The Mégane has always been comparatively better-equipped than competitors. But while the level of features are available — LED headlamps, radar cruise control, blind spot warning system and full surround proximity sensors — is impressive, it no longer has a clear, distinct technology or specification advantage. Instead, the differentiating factor is left to Renault’s digital cluster, a 8.7” portrait centre touchscreen and their seemingly infinitely customisable modes, skins and lighting schemes. Such is Renault’s focus on this, a centre tunnel button is one of the few remaining physical interfaces in the cabin: its sole purpose to adjust modes. Confusingly, of five modes — eco, neutral, comfort, sport and perso — this button only switches between comfort and sport settings. A separate ‘eco’ button sits below the touchscreen.
While the lighting changes at night to create a pleasantly theatrical atmosphere, across the primary interfaces the displays feel gimmicky and a little cheap. The cluster graphics in sport and neutral modes are relatively clear and easy to read, but despite the level of adjustability (the home screen of the centre display can be configured like your smartphone to contain various menu tiles), certain basic setups remain elusive. For instance, regardless of the cluster set up selected, navigation turn-by-turn instructions are never displayed larger than a tiny graphic within, or top-right of, the huge digital speed/rev counter; nor were we able to select one of the homescreen tiles to contain the phone menu.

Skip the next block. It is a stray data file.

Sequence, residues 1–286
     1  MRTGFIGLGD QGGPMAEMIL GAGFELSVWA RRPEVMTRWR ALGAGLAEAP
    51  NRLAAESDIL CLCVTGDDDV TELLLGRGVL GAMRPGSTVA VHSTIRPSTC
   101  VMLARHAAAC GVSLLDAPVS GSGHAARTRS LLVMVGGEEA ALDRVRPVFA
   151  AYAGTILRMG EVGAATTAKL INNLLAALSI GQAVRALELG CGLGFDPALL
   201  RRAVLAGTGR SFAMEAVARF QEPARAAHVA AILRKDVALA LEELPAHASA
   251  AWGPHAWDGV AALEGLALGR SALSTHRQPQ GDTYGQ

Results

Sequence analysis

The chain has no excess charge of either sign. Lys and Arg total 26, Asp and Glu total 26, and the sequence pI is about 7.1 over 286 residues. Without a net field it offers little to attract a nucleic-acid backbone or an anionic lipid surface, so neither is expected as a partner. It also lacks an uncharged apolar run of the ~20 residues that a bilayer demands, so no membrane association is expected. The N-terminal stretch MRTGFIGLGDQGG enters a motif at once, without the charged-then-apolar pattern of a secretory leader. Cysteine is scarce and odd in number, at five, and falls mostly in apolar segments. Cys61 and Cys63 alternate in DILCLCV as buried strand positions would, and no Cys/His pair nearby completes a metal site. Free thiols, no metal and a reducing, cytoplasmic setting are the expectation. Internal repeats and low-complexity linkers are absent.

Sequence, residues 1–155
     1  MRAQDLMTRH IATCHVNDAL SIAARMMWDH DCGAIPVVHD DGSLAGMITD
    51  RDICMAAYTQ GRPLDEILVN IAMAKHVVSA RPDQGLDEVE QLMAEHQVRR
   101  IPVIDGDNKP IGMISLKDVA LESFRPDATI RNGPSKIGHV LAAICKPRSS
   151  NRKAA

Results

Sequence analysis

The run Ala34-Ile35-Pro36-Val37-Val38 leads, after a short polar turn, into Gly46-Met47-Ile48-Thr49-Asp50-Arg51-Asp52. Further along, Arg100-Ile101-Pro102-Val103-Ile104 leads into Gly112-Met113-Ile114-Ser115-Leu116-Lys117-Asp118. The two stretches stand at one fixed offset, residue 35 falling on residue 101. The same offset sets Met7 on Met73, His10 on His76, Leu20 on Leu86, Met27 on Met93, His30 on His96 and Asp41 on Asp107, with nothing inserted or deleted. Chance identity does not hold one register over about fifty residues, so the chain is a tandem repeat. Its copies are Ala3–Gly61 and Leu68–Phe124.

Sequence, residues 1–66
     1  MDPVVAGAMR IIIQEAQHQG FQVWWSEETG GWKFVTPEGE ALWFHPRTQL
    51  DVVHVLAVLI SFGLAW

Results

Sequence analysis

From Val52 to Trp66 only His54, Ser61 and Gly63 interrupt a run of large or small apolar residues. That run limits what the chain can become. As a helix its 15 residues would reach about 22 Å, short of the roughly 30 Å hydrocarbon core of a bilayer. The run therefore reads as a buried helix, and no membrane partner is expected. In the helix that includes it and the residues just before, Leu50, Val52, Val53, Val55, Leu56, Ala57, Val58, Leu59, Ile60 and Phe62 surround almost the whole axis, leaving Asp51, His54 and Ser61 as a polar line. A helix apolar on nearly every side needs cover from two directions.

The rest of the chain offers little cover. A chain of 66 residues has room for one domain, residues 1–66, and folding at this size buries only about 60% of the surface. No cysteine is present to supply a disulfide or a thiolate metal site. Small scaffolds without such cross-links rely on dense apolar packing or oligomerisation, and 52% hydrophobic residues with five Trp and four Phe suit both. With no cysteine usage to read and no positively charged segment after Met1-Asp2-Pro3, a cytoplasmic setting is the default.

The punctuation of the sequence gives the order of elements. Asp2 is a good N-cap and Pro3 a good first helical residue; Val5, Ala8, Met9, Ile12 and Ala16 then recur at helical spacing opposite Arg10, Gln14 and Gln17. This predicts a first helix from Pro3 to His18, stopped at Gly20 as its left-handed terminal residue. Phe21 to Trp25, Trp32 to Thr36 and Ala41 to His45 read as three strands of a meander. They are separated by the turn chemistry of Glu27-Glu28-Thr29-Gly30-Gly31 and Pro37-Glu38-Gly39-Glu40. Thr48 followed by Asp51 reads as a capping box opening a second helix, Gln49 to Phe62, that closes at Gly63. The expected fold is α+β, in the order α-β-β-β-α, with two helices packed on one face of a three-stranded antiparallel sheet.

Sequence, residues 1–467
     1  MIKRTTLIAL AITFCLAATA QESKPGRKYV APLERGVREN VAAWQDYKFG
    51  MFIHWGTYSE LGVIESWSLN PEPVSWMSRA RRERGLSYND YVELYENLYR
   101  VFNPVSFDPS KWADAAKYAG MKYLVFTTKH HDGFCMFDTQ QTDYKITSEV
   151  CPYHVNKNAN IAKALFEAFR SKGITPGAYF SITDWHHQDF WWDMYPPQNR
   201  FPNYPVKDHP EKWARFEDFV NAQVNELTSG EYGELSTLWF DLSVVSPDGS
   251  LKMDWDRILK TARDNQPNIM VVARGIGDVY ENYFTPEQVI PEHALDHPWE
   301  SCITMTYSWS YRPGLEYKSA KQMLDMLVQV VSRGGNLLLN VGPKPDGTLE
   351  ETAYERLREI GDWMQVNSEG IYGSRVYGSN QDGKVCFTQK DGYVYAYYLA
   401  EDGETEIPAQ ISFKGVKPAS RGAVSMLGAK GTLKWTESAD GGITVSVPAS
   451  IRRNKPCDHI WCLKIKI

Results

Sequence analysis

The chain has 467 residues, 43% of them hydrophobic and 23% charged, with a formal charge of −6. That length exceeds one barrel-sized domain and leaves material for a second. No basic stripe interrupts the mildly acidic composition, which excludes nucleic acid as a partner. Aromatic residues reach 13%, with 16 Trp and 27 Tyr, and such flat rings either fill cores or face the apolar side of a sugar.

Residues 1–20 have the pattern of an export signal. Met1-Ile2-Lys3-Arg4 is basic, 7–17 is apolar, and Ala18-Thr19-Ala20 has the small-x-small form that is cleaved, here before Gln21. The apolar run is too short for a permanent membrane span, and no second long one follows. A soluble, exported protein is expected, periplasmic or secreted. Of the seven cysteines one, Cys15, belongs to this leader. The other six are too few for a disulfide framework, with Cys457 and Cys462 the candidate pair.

There are elements that truly work — the TomTom-based sat nav is clear and pinches to zoom, some of the on-screen buttons are big and easy to hit, and Renault’s steering-column volume controller falls naturally to hand and works brilliantly simply via feel.
But overall, the in-car user experience is disjointed. And partly because of the level of available customisation, the driver feels like they’ve never quite got the system optimised, always searching for a better set-up: the paradox of choice. On-screen graphics and definition don’t live up to the premium lighting technology and feel of the exterior design, either. Renault is not alone in this, of course, but it’s sad to think that this interface — applied across many new Renaults — already has issues and will clearly feel and look horribly outdated very quickly.
Which is a shame because, while it is less distinctive than the second-generation car, the Mégane IV is a significantly improved, more appealing product than the model before it. It lacks a stand-out element, but van den Acker has shown how to rebuild a car company based largely around strategic design values. The Mégane might not be the boldest of the new family, but it should still sell purely on how it looks. What Renault sorely needs to do now is carry that clear, bold strategy through into its user interface design.